Authors: Dan Royall*, UNC-Greensboro
Keywords: urban stream, regolith, southern Piedmont, watershed
Session Type: Paper
Presentation File: No File Uploaded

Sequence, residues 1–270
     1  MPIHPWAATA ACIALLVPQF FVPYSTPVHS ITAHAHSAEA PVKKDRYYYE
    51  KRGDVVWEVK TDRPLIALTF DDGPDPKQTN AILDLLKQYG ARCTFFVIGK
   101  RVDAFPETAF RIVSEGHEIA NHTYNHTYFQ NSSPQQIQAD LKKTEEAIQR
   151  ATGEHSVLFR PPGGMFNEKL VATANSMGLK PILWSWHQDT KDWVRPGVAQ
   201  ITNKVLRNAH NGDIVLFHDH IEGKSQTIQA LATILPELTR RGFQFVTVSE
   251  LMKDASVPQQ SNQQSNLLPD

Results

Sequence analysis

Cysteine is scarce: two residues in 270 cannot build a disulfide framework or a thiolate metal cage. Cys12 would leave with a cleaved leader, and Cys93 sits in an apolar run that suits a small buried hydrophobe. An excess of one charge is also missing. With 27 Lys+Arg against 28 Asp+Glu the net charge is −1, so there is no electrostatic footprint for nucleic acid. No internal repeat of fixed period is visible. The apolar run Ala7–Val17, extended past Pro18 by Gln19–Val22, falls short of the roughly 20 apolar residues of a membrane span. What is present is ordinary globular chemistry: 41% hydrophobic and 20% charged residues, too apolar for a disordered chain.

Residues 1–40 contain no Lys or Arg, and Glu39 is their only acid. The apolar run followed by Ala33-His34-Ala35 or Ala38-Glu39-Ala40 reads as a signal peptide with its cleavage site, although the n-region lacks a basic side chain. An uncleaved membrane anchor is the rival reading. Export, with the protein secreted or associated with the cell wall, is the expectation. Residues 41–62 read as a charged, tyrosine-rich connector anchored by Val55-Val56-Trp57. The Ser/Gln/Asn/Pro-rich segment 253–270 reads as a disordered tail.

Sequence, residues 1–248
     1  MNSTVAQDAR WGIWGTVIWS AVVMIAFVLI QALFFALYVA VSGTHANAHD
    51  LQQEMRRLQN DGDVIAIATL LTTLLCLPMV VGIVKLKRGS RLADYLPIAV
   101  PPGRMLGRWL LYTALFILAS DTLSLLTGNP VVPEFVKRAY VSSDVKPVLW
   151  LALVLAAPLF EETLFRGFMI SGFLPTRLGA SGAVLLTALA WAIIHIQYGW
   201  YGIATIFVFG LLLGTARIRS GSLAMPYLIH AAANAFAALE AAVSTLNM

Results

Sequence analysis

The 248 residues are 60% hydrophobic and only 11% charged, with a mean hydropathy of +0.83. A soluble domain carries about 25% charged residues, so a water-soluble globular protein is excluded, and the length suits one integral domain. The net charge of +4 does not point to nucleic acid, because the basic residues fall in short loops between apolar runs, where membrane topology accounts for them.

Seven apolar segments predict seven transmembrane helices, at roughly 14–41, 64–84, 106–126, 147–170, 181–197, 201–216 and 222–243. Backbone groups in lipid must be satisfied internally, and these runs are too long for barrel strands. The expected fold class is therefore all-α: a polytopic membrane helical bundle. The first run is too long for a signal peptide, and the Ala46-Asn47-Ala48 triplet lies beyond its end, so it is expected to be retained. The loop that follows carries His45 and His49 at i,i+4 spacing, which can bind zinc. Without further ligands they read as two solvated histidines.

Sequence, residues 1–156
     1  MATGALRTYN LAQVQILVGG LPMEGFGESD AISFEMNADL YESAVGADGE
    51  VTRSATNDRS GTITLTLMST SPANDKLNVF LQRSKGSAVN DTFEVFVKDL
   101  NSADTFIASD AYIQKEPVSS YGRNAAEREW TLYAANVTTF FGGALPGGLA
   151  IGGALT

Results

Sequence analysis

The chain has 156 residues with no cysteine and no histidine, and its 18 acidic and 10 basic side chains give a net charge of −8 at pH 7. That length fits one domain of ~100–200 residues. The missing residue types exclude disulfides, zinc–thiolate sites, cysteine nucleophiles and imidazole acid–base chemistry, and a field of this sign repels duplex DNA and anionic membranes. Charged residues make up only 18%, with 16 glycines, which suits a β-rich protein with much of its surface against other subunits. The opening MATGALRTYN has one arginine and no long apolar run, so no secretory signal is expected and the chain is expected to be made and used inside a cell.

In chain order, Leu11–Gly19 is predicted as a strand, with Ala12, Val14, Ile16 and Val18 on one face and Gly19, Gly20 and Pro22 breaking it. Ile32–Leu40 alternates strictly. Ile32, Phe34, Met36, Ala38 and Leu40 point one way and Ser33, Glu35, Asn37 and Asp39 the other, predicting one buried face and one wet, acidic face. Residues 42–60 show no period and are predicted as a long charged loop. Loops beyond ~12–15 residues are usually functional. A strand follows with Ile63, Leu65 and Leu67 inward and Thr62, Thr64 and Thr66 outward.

Urban stream environments are often thought of as highly heterogeneous, and this characteristic has commonly been cited as an important cause of variability in stream channel morphology. Environmental heterogeneity along urban stream channels most obviously results from contact with infrastructure, and perhaps less obviously from variability in riparian vegetation and streambank materials. In this paper, variability in the characteristics of urban riparian regolith is assessed within the North Buffalo Creek watershed of Greensboro North Carolina in the southern Piedmont physiographic province. Field-survey and lab data are used to define streambank regolith types, and construct a framework for classifying bank exposures based on their composition and architecture. Particular emphasis is placed on identifying the prevalence, types, and influence of human transported material (HTM) in bank profiles. Spatial patterns in bank material diversity and/or complexity are sought, paralleling emerging interests in studies of spatial order in urban soilscapes related to the organization of urban land use. Among the findings are that 1.) urban riparian regolith properties can in some cases preserve and reflect lengthy land use histories, 2.) human transported material (HTM) is an important but not dominant component of exposed streambank regolith, and 3.) simple architectures predominate over complex ones on a stream-length basis, largely as a result of inset alluvial channel formation.